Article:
I swore I’d never do it. I swore I’d never change. Sure, I would be “mommy,” but Me and Mom Me would be two different people with two different personalities. We’d have two different sets of interests and two different agendas. And while the two would forever intersect, I swore to keep the Me Before Baby pristinely intact. I vowed that motherhood wouldn't change my relationships. And oh, how I was wrong.
I swore I’d make time to take care of myself, that I wouldn’t become the typical new-mom stereotype women — the kind everyone believes sits around in yoga pants all day, hair unwashed and greasy. I swore I’d be able to keep up with my pre-parenthood social calendar, promising myself I’d still be able to attend the occasional party or enjoy girl time at least once every couple of months. I swore I’d call my friends during nap times and “down times.” (What the hell I thought those would be, I cannot tell you.) I swore we’d still see each other and we would be the same, things would be the same, I would be the same.
I also swore I would shower every day, eat breakfast every morning, and brush my teeth at least once a day.
I was so, so wrong.
Two years later and I am finally coming to terms with my new normal. I am a flake. I suffer from chronic lateness and have something I like to call a “functional style.” I may not get a solid night’s sleep until I’m in my 40s, and I may forever smell like spoiled milk and peanut butter. And, despite all my pre-baby planning, motherhood has affected my relationships, specifically with my childless friends.
Motherhood didn’t just change me, it changed each and every relationship in my life. I didn’t plan for it, and it isn’t all bad. I feel closer to my family now more than ever, and the time I spend with my friends, parents and non-parents alike, is far more valuable. Now, instead of doing shots and singing karaoke, we talk, blow bubbles at the park, and sing songs about buses with wheels that never ever seem to stop going round and round.
But there is a subtle change, one that takes shape the closer you look and listen. We talk, and we talk often, but it’s like we’re on different planes. While my childless friends are talking about getting married or going on a cruise this fall or what so-and-so did in the office did last Friday, I’m worrying about potty training, toddler “boyfriends,” and night terrors.
The long and short of it is: I wasn't ready for motherhood to totally change my relationships. In fact, I wasn't even expecting it.
But now, when my friends without children and I do have time to talk, our conversations are constantly interrupted, and I often need to pause to keep my daughter from coloring on her bedroom walls, playing in the trash, or taking off her diaper. When I do get the chance to pick up the phone, my conversations are strained, and I feel like I have nothing important to say. I feel like a fraud, both as a friend and as a human being, and so instead of filling the silence with meaningless banter, instead of telling a friend I haven't seen in weeks all about the slew of new words my daughter has learned, I shut up and pull back. I shut up and sit still. I shut up, and the gap widens.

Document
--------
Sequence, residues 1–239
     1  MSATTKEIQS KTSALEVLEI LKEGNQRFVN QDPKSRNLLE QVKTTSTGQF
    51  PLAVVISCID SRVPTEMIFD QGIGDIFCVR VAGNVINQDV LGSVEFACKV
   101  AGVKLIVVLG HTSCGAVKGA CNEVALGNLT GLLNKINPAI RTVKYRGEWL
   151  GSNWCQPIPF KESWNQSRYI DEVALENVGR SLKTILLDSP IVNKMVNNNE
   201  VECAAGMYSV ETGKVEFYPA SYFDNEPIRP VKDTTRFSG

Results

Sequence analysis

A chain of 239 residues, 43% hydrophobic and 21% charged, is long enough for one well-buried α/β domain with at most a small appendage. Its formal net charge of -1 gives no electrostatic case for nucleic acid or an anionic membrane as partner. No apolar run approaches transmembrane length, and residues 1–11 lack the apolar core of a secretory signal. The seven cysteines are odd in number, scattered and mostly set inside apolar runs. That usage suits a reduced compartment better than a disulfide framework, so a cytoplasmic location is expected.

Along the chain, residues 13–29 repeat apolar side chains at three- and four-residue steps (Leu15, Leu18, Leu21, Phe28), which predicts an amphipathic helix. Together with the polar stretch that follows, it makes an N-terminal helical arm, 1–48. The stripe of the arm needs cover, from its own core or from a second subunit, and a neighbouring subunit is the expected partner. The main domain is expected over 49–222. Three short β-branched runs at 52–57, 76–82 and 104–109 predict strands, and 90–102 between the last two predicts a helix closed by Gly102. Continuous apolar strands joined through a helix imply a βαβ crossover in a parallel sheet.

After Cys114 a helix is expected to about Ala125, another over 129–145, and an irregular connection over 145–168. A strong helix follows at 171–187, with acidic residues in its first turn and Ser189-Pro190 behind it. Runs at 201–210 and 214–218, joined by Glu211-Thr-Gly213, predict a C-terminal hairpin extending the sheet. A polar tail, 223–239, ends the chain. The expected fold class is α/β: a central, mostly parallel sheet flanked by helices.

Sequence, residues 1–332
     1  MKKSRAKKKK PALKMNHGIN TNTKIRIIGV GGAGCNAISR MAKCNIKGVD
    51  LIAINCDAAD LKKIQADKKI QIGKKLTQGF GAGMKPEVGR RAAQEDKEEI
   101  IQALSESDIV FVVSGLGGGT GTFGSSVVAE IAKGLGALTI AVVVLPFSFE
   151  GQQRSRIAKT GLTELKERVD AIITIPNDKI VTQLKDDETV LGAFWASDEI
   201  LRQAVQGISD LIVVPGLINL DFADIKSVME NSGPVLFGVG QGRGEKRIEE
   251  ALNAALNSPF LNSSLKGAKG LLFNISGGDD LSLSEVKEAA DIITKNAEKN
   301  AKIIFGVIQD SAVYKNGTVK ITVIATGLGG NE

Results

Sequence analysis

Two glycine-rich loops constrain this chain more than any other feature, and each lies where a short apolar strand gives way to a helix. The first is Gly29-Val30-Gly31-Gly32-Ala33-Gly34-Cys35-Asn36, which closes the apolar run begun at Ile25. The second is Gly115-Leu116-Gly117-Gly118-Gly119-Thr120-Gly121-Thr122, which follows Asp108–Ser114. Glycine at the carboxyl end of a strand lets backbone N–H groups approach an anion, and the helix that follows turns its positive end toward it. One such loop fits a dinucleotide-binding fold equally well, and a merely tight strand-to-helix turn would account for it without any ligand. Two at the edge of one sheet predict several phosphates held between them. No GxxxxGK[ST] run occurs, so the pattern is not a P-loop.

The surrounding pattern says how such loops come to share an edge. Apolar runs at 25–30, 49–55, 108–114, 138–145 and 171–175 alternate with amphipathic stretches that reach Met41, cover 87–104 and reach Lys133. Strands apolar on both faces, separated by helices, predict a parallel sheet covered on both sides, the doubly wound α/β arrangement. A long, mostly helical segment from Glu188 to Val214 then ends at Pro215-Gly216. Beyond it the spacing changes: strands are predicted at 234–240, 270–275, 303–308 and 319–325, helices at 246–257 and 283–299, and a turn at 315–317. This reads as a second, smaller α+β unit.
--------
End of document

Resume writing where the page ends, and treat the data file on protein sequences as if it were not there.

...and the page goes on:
Even when I think I have it together, even when I feel like I finally have something important to share or can offer an ear ready and willing to listen, curveballs like conjunctivitis or the “family flu” come up. (And they come up with terrifying frequency.) I feel guilty and like I suck at maintaining the promises Pre-Baby Me swore to make to my non-baby-having friends, because Post-Baby Me is all too often battling a bug or a haphazardly strung together night's sleep.
I've learned, now, that I need different sets of friends for different things. I call on my friends with kids for advice, for help understanding why my toddler is so damn independent and moody, to make sure whatever the latest obstacle we’ve run into is normal, and that she’s developing normally. I call on my friends without kids to remind me that I existed before my daughter, and that I was someone who cared about office drama and wedding seating arrangements and which bar was hosting the best happy hour deals. I call on them to anchor me in the life I once had, even if only flecks of it appear in the life I have now.
These relationships help balance me. I need these people (and they need me) for different reasons. Before baby, I thought I'd only need one set of friends — but that only proved to be the flaw in my thinking. I didn't just need one friend group. I needed more.
Even though there have been moments I wouldn’t change — I love playing tent every morning, even if it is at 6 a.m., and I love having an excuse to eat donuts for dinner — the one thing I wish I could change is my relationships. I wish I could give my childless friends more time. I wish my mind wasn’t always so occupied and cluttered with toddler crap. I wish I could drop everything and go to dinner. I wish I could turn to close friends for advice instead of relative strangers. In lots of ways, I still wish I could relate to life without kids.
But I am also thankful: thankful that although I’ve changed, my friendships have changed too, and no matter how they look now, they're bound to change again. I'm thankful that no matter what our circumstances may look like, my friendships will keep changing and reshaping themselves, and throughout it all, we’ll all find a new normal. Though we may no longer share everything, but we'll all still share each other.
Becoming a mom has taught me so many things, but perhaps the most important lesson has been that change can be good. Change can be great. Change can happen for the best, even when it feels like the worst. And through all these miraculous, crazy, wonderful, upside-down changes, I’ve learned that I don’t need childless friends and mom friends. I just need lifelong ones.
Images Courtesy of Kim Zapata (4)